Analyze the application to determine which valve
is best suited for installations, keeping in mind the service for which the valve
is recommended. Before installing the correct valve, review the installation instructions to prevent damage to the valve and to assure its maximum efficiency: Cut tube end square. Ream, burr and size. Use sand cloth or steel wire brush to clean both ends to a bright metal finish. Steel wool is not recommended. Apply flux to outside of tube and inside of solder cup. Surfaces to be joined must be completely covered. Use flux sparingly. Be sure that valve is fully open. Apply heat to tube first. Transfer as much heat as possible through tube into valve. Avoid prolonged heating of valve itself.
Silver Brazing Method: Assemble parts to be brazed. If fluxed parts are allowed to stand, the water in the flux will evaporate, and dried flux is liable to flake off, exposing metal surfaces to oxidation. Assemble joint by inserting tube into socket hard against the stop. The assembly should be firmly supported so that it will remain in alignment during the brazing operation.
NOTE: On one-inch and larger valves, it is difficult to bring the whole joint up to temperature at one time. It will frequently be found desirable to use a double-tip torch to maintain the proper temperature over the larger area. A mild pre-heating of the whole socket area is recommended. Apply heat to parts to be joined. The preferred method is by oxy-acetylene flame. Heat tube first, beginning one inch from edge of valve. Sweep flame around tube in short strokes up and down at right angles to run of tube. To avoid burning through tube, the flame should be in continuous motion and not allowed to remain on any one point.
Apply flame to valve at base of socket. Heat uniformly, sweeping flame from valve to tube until flux on valve becomes quiet. Avoid excessive heating of valve. When flux appears liquid and transparent on both tube and valve, start sweeping flame back and forth along axis of joint to maintain heat on parts to be joined, especially toward base of valve socket.
Use just enough solder: with wire solder, use 3/4" for a 3/4" valve, etc. If too much solder is used, it may flow past tube stop and clog sealing area. When joint is filled, a continuous run of solder or brazing alloy will be visible.
Silver Brazing Method: Apply brazing wire or rod at point where tube enters valve socket. Keep flame away from rod or wire as it is fed into the joint. Move flame back and forth as alloy is drawn into joint. When the proper temperature is reached alloy will flow readily into space between tube outer wall and valve socket. When joint is filled, a continuous rim of brazing alloy will be visible. Remove excess solder with small brush while plastic, leaving a fillet around end of valve as it cools.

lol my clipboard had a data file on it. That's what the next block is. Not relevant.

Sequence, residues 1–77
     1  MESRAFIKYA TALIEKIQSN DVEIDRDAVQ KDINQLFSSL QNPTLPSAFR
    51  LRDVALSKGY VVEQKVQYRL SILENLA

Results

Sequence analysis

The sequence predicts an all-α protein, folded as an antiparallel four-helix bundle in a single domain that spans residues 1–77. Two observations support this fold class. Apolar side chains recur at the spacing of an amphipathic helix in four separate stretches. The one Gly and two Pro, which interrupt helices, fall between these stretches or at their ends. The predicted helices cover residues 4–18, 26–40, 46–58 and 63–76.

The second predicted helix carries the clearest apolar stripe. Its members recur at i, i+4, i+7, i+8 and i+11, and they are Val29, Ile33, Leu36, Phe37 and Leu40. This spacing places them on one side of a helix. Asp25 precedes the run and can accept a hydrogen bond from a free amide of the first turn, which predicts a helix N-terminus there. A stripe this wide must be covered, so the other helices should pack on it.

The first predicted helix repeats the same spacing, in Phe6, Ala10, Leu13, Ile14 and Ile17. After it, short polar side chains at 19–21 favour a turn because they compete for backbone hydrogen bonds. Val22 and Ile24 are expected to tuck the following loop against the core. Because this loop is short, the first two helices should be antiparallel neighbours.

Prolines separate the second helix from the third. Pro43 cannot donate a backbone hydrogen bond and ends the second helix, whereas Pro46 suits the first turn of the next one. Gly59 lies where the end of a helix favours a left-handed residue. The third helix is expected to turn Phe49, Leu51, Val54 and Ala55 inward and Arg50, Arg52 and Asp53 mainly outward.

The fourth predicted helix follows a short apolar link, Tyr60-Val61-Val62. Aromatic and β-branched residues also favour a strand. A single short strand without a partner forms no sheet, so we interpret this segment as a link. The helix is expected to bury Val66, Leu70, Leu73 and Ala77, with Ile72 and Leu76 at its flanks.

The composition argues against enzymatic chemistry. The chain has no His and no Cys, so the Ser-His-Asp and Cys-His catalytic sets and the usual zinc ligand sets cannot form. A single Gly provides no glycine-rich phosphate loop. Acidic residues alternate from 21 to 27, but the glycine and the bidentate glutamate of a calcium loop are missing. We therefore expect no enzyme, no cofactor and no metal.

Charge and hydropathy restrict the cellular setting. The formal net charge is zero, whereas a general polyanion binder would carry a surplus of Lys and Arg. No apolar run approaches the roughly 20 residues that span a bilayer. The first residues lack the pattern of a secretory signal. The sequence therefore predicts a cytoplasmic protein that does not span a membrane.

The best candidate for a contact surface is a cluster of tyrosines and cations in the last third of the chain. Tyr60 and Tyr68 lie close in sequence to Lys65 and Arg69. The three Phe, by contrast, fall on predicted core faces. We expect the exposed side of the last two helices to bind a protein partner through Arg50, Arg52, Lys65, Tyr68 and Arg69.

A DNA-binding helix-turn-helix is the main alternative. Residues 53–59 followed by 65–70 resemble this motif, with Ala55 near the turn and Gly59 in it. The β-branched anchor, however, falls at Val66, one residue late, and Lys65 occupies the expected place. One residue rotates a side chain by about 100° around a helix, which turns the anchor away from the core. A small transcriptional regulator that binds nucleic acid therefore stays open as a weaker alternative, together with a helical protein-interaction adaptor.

The strength of a brazed joint does not vary appreciably with the different brazing materials, but depends to a large extent upon the maintenance of proper clearance between the outside of the tube and the valve socket. The interior dimensions of silver brazing valve sockets are machined to the closest tolerances and finished smooth to promote full capillary attraction.
NOTE: Care should be observed in cleaning and in removing residues of the cleaning medium. Attempting to braze a contaminated or improperly cleaned surface will result in an unsatisfactory joint. Silver brazing alloys will not flow over or bond to oxides. Oily or greasy surfaces repel fluxes, leaving bare spots which oxidize and result in voids and inclusions.
Grit, dirt or any foreign matter accumulated in the pipe can hinder efficient valve operation and seriously damage vital valve
parts. Thoroughly clean pipe internally with air or steam. When threading pipe, gauge pipe threads for size and length to avoid jamming pipe against seat and disc. Thoroughly clean threaded end to remove any harmful steel or iron deposits. For a good joint, use teflon tape or pipe dope. If pipe dope is used, apply sparingly on pipe threads, never on valve threads. Do not allow any pipe dope into valve body in order to avoid damage to disc and seat. Before installation, check line of flow through valve so that valve will function properly. Close valve completely before installation. Apply wrench to hex next to pipe and guard against possible distortion. After installation of valve, support line; a sagging pipe line can distort valve and cause failure.
There are several steps to follow to make sure that a flanged joint will be properly assembled. First, clean the joint carefully. Then loosely assemble the joint by putting in the bottom two or three bolts. Then carefully insert the gasket into place. The bottom bolts will help locate the gasket and hold it in position. Then insert the rest of the bolts into place and tighten all of the bolts evenly—not in rotation, but by the cross-over method to load the bolts evenly and eliminate concentrated stresses. The bolts should be checked for tightness after an appropriate interval of use and retightened if necessary.